Meal needs dedicated capacity

Canola crushers hope to see custom meal export facilities built on the West Coast because piggybacking on the regular grain-handling system isn’t adequate for long-term growth.

With crushers and analysts expecting Canada to continually boost canola meal exports in coming years, the product needs to be treated right.

“The lack of dedicated capacity to (handling) meal in Vancouver is a more broad issue that is on our agenda,” said Chris Vervaet, executive director of the Canadian Oilseed Crushers Association.

“We see offshore shipments for meal and oil to be an important part of our strategy.”

At Manitoba Ag Days, German analyst Thomas Mielke of Oil World magazine said farmers should “scream” because of the lack of canola meal handling facilities on the West Coast. He said world buyers sometimes put up offers for meal, but Canadian suppliers can’t take the bids because they can’t move the meal through Vancouver. He said the situation isn’t a crisis now, but problems will develop as exports expand.

Vervaet said Mielke’s comments are “perhaps a bit overstated” but agreed that the present situation needs to be improved as more canola meal comes to market.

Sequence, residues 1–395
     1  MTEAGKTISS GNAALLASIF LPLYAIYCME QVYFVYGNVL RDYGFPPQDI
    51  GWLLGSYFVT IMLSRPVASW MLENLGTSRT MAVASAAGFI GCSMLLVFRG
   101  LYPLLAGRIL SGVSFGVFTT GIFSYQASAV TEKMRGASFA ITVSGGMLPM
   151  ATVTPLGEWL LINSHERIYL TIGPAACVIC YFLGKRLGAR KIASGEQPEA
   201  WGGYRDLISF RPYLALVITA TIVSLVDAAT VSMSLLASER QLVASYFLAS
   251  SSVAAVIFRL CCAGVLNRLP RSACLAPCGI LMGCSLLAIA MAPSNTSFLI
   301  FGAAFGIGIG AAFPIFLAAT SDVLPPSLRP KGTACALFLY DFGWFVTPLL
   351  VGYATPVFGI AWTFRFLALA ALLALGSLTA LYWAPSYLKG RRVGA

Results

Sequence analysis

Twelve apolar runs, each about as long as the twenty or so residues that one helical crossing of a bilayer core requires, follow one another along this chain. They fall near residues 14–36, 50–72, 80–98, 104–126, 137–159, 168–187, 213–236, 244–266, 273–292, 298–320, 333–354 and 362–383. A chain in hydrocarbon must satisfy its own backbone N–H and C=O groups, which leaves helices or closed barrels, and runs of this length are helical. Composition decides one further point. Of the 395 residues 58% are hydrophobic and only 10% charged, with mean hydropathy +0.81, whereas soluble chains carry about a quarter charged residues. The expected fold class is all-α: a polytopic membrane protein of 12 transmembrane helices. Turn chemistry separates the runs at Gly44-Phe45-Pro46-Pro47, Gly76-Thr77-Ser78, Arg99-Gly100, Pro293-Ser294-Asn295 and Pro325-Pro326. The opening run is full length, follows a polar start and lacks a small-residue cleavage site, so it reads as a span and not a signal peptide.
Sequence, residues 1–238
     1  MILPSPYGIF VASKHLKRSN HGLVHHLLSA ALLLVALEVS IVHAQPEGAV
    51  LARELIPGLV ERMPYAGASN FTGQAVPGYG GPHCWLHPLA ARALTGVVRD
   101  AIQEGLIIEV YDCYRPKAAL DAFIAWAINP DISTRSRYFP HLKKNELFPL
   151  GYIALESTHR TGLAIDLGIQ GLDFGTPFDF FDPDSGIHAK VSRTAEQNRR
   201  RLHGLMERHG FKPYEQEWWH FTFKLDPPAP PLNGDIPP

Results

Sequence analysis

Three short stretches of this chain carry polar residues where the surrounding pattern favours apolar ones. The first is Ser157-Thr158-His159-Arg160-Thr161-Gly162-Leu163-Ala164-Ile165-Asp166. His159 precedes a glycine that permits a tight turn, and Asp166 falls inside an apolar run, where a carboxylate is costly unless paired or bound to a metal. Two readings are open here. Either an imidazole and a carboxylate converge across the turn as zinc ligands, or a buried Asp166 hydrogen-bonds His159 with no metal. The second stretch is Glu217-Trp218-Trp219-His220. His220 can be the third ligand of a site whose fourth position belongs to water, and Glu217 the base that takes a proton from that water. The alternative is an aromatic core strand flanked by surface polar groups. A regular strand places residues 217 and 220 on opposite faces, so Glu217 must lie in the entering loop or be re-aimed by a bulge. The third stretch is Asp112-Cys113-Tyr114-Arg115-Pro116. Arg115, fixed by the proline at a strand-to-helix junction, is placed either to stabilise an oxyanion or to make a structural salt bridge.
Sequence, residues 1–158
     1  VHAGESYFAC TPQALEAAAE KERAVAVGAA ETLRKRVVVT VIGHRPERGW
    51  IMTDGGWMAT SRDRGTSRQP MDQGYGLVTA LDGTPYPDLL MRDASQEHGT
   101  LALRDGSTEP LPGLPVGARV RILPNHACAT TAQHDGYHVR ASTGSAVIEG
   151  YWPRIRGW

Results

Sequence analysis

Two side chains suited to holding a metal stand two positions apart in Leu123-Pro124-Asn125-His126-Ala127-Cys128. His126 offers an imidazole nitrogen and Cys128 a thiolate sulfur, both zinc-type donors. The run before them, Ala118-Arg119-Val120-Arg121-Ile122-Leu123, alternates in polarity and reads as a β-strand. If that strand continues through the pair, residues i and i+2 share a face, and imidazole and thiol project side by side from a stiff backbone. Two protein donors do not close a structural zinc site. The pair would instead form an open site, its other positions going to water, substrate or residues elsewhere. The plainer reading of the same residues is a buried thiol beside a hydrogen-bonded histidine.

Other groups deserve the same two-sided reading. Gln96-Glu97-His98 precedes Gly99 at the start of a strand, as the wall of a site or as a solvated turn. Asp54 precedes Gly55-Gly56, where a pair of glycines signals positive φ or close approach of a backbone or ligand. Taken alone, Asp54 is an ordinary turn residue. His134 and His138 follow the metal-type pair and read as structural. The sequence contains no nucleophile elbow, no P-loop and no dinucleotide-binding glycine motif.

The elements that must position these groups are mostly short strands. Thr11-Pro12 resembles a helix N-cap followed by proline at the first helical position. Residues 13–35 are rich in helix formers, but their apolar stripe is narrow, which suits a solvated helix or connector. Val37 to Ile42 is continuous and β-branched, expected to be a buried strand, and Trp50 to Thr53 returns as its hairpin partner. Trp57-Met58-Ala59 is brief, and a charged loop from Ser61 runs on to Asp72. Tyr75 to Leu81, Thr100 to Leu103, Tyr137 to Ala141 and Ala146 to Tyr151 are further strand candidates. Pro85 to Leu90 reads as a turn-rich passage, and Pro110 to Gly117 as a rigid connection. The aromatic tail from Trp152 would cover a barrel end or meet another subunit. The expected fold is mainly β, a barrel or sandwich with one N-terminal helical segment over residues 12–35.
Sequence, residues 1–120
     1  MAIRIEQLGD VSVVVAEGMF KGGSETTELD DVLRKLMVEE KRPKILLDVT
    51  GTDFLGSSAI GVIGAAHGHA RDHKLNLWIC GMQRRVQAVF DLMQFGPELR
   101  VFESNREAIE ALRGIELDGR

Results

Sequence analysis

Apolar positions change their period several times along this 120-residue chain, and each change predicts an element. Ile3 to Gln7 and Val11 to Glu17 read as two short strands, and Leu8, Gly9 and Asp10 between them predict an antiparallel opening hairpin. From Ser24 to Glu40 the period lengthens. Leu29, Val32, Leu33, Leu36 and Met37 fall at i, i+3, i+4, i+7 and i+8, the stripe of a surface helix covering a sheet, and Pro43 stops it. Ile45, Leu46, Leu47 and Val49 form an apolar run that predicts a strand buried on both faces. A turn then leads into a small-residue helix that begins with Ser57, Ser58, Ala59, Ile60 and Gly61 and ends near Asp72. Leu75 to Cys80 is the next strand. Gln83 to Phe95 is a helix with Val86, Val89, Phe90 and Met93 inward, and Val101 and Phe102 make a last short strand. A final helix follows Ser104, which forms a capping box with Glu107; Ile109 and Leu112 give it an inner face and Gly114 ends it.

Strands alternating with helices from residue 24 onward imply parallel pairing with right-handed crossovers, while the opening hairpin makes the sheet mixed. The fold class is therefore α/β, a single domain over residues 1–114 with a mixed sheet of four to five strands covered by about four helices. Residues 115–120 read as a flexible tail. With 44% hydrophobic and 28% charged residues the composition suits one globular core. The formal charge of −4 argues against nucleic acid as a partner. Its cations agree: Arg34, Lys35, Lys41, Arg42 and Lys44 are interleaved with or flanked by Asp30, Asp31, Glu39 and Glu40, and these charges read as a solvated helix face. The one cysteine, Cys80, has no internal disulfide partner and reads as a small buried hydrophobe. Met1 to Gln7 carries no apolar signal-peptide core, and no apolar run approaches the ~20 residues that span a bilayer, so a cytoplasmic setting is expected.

Canola meal is mostly exported as pellets through normal grain-handling facilities. That has worked fine but isn’t ideal. 

Pellets have characteristics that make piggybacking on crop-handling facilities a concern.

“It’s that dedicated capacity (the crushers want),” said Vervaet.

“There are some nuances and differences when you’re loading meal pellets, and that’s what’s lacking out on the West Coast.”

The pellets move by hopper car from the Prairies to “third party” handlers, such as the major grain export terminals.

Canada exported almost four million tonnes of canola meal last year, but 3.2 million of that went to the United States.

However, China received almost 600,000 tonnes, and Thailand received almost 80,000 tonnes. This crop year, 277,000 tonnes had been shipped to China by Jan. 10.

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